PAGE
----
In the limit as n approaches infinity, the distribution of Zn approaches the standard normal distribution. ■ The central limit theorem shows why quasinormally distributed random variables appear so frequently in nature; the sum of numerous independent random variables produces an approximately normal random variable, regardless of the distribution of the underlying IID variables. In particular, this is one reason that measurement errors are often normally distributed. As we saw in Chapter 2, having normally distributed measurement errors leads us to consider least squares solutions to parameter estimation and inverse problems.

B.7 TESTING FOR NORMALITY Many of the statistical procedures that we will use assume that data are normally distributed. Fortunately, the statistical techniques that we describe are generally robust in the face of small deviations from normality. Large deviations from the normal distribution can cause problems. Thus it is important to be able to examine a data set to see whether or not the distribution is approximately normal.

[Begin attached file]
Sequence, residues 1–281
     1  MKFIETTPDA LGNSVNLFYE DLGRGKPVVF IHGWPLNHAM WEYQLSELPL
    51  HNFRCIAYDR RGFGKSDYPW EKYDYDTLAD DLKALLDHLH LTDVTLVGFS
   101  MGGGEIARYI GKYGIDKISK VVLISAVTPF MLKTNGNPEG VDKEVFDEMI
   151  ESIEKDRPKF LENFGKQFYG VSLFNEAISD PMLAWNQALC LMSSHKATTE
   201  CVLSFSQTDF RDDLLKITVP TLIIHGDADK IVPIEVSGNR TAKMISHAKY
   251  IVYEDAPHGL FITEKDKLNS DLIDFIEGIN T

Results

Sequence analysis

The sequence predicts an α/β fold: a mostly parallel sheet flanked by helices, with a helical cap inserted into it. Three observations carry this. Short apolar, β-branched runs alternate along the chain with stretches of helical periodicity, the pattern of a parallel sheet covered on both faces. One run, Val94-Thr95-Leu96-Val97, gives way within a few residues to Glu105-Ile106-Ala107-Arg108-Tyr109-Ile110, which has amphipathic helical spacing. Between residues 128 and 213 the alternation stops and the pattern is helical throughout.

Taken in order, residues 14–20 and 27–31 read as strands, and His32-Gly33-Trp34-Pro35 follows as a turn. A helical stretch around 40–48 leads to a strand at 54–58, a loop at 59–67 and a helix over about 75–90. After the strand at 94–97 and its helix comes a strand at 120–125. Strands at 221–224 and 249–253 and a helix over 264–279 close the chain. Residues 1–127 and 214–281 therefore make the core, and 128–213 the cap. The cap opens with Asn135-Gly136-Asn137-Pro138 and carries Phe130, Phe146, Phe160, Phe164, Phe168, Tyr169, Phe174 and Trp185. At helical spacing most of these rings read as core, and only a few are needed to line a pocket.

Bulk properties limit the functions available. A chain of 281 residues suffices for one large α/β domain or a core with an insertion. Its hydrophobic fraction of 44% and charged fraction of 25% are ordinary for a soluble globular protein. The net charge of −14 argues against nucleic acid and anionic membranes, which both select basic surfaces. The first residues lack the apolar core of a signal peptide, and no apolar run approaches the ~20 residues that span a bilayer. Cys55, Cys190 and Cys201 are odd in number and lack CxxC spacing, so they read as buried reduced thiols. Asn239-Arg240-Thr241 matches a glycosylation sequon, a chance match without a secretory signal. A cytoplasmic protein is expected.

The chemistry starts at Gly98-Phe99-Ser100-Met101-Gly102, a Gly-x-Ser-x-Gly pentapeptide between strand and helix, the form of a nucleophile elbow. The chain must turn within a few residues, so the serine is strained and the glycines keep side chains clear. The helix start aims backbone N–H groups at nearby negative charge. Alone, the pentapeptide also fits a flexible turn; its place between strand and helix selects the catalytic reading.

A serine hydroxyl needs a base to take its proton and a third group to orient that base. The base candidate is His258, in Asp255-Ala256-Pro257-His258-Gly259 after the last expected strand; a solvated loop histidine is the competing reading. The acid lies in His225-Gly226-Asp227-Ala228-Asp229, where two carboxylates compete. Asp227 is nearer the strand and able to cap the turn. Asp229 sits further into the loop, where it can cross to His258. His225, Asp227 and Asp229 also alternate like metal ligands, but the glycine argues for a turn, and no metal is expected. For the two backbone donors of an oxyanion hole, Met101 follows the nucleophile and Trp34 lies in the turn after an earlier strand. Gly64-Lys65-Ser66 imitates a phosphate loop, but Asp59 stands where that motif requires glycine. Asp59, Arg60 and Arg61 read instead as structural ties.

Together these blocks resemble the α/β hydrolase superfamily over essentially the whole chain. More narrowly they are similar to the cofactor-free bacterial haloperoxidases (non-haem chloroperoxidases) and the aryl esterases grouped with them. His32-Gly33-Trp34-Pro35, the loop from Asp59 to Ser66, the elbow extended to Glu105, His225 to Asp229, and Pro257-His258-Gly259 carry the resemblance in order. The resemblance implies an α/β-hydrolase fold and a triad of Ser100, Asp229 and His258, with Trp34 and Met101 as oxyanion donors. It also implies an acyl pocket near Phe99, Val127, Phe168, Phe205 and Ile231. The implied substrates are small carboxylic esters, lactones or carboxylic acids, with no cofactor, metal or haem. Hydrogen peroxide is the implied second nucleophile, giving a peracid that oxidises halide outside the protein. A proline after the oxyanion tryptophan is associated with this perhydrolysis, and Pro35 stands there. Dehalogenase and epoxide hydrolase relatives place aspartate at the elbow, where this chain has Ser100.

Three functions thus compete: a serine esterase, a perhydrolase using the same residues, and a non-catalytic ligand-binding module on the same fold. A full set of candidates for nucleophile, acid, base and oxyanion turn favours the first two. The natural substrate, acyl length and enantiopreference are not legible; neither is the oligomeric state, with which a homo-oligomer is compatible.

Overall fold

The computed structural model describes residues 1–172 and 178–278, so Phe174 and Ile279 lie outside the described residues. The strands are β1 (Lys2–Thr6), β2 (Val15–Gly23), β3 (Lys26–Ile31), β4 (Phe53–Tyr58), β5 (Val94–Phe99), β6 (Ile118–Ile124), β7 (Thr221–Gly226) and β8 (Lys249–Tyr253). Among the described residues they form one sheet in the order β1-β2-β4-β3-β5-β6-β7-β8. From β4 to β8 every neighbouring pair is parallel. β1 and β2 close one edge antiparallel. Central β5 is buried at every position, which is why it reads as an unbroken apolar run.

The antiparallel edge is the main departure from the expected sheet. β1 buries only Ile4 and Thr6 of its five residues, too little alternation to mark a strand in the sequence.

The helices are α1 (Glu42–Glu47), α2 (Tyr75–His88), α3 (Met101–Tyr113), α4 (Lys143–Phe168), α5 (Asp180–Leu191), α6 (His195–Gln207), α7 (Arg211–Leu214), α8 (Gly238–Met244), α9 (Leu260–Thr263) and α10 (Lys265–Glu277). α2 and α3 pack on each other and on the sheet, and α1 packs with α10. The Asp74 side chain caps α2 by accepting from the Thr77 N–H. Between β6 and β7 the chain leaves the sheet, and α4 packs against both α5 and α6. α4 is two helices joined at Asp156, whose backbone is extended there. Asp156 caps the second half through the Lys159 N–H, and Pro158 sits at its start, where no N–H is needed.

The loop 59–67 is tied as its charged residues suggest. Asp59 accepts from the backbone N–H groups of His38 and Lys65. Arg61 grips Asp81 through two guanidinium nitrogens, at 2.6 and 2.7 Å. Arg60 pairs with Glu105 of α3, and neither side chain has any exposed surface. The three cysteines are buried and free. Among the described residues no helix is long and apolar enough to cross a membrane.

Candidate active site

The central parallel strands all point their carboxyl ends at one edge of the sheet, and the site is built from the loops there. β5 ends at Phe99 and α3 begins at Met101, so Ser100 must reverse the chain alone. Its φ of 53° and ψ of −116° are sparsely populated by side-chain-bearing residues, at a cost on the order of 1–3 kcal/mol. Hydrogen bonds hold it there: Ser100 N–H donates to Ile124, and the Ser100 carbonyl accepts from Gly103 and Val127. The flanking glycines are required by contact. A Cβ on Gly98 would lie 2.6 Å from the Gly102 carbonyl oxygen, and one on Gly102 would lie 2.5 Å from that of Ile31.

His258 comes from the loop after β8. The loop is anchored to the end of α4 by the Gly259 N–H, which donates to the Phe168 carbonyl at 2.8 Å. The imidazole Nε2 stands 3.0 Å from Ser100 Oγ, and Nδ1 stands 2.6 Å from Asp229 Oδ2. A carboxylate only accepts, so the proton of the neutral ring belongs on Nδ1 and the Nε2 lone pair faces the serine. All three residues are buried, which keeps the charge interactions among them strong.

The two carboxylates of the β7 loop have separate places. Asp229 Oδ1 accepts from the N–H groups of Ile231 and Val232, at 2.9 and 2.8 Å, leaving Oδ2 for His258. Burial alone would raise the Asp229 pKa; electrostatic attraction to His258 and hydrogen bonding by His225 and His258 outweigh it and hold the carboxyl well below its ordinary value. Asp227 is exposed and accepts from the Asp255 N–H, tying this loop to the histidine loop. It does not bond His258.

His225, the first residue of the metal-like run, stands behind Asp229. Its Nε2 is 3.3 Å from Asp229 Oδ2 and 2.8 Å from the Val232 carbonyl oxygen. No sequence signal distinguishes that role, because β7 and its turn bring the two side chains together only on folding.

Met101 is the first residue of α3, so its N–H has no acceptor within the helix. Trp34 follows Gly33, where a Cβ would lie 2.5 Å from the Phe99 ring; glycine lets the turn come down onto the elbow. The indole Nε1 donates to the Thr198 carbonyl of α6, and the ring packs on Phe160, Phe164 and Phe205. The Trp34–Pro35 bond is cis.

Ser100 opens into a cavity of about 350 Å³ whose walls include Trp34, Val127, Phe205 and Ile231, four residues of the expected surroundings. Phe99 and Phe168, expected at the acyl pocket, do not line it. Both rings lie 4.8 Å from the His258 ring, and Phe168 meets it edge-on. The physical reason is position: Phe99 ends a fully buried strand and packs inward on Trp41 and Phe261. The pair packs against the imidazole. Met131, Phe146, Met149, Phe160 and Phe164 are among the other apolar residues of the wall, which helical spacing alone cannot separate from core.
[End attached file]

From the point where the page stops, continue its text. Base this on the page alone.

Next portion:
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Plotting a histogram of the data provides a quick view of the distribution. The histogram should show a roughly “bell shaped” distribution, symmetrical around a single peak. If the histogram shows that the distribution is obviously skewed, then it would be unwise to assume that the data are normally distributed. The Q–Q plot provides a more precise graphical test of whether a set of data could have come from a particular distribution. The data points d = [d1 , d2 , . . . , dn ]T

(B.67)

are first sorted in numerical order from smallest to largest into a vector y, which is plotted versus xi = F −1 ((i − 0.5)/n)

(i = 1, 2, . . . , n)

(B.68)

where F (x) is the CDF of the distribution against which we wish to compare our observations. If we are testing to see if the elements of d could have come from the normal distribution, then F (x) is the CDF for the standard normal distribution: 1 FN (x) = √ 2π

x

−∞

1 2

e− 2 z dz.

(B.69)